Fig. 12. Quantitative easing measures have put a ceiling on sovereign bond yields that is sure to lift in the near future. [2] [7] [9]

Fig. 13. Nigeria’s sovereign bond has already felt the rise of global interest rates. [18]

The NNPC has also seen difficulties staying in the green. On April 20th of this year, the NNPC announced that they had reached a settlement of $5.1B that they are required to pay to international oil corporations Shell, Chevron, Exxon, Total SA, and Eni SpA. The NNPC creates joint ventures with these companies, employing them and using their infrastructure to pump the country’s oil, and the NNPC had not fulfilled the capital contribution obligations set forth in the contracts. Luckily, the settlement is structured so that the debt will be interest-free and will be paid from a percentage of future crude sales; however, the debt installments begin in April 2017 and represent another hurdle arising from the oil crisis. [25]

One potential solution for Nigeria is to mimic the direction of Saudi Arabia. Just like Nigeria, Saudi Arabia’s economy is incredibly dependent on oil, and its revenue has been used to provide extensive subsidies to the people, provide steady, high-paying government jobs, and keep the Kingdom’s reserves flush with cash. Similarly, the collapse of oil prices delivered a wake-up call to the government, who has realized the need for economic development outside of the oil industry and also faces an extreme budgetary deficit and restructuring issues. In addition to turning to the bond market, Saudi Arabia is planning an initial public offering (IPO) of a five percent stake of the Saudi Arabian Oil Company, or Aramco. Initial valuations of the company are approximately $1.5 trillion, meaning that issuing five percent would raise $75B before brokerage fees. [28] This would triple the previous largest IPO (Alibaba) and could set a precedent for other sovereign wealth funds dependent on oil. Not only could Nigeria generate a huge source of funding by offering a piece of NNPC to the public, but allowing outside investment into the state-controlled business could spur additional foreign investment into the struggling economy.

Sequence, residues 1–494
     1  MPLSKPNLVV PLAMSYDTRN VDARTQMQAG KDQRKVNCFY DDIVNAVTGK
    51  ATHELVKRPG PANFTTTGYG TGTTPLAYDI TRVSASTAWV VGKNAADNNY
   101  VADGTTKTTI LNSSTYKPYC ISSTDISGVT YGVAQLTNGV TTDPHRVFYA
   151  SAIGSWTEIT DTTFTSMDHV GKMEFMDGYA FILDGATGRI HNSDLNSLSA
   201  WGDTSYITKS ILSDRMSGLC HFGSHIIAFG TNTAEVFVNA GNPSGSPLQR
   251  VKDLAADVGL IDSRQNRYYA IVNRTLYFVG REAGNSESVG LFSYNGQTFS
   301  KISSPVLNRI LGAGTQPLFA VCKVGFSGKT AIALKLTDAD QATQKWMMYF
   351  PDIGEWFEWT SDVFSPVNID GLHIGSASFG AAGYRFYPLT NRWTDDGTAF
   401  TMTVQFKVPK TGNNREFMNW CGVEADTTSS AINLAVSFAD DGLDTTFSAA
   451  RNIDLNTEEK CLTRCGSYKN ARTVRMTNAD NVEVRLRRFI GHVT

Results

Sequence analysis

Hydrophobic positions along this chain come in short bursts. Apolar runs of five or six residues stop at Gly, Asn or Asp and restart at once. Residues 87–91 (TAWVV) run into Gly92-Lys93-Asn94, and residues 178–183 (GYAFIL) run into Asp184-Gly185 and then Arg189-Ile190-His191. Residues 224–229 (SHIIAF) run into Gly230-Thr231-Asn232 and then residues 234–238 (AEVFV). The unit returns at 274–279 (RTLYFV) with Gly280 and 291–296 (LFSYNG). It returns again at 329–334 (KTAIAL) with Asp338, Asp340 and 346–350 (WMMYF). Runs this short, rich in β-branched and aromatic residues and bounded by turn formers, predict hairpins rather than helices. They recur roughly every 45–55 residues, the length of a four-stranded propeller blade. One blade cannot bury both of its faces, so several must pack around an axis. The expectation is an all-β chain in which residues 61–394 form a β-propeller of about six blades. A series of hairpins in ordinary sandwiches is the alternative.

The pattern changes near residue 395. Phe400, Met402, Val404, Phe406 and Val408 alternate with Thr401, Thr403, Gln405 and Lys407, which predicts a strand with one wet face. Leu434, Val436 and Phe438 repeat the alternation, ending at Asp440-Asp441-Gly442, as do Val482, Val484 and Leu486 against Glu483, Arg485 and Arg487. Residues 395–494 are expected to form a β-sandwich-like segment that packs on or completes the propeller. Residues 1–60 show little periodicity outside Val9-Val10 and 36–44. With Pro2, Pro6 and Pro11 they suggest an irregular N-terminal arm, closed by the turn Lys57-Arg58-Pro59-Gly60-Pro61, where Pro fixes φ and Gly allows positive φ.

Aside from its budget, Nigeria has other issues requiring immediate attention. Thousands of oil spills have gone unaddressed, causing almost irreparable damage to the environment. [14] According to a report released by the United Nations in 2011, before the plethora of explosions set off by the militants, a full environmental restoration could take thirty years, requiring $1B in the first five years alone. None of that has commenced, and the air, water, and soil have only gotten more contaminated. [5] The economy is pitiful with regards to its dependence on oil, and President Buhari and his ministers have developed what they call a Zero-Oil Plan, whereby Nigeria will target growth in other sectors to achieve $100B in non-oil exports per year (the country currently has $5B annually in non-oil exports, but the optimism is appreciated). [21] Unfortunately, the plan calls for increases in palm oil, soybeans, and cocoa exports, and while palm oil is harmful to the environment, the soybean and cocoa markets are flooded with supply, and their prices are depressed worldwide.

For all the clouds surrounding Nigeria’s future outlook, it appears as though they have the right leader to carry them forward. President Buhari wrote an article for the Wall Street Journal where he accepted that the days of high energy prices are in the past, called for an end to corruption and the restoration of trust in the government, and expressed the need to regenerate growth in the private sector and rebalance the economy. [29] After uniting the country and eliminating the violence and factions between Boko Haram as well as the Avengers and other militants, it is hopeful that Nigerians can come together to repair their national identity. As for the economy, Nigeria can reasonably expect a bounce back in oil revenue; yet, $50/barrel is the new norm, and the government is irrational to believe it can maintain the same expenditures or economic plan as it has had in the past. Where they will start and where they can turn to plug the holes in their budget are uncertain; what is certain, though, is that unless Nigerians can work together to address the present, future, and, most importantly, past, the country will be in turmoil for the foreseeable future.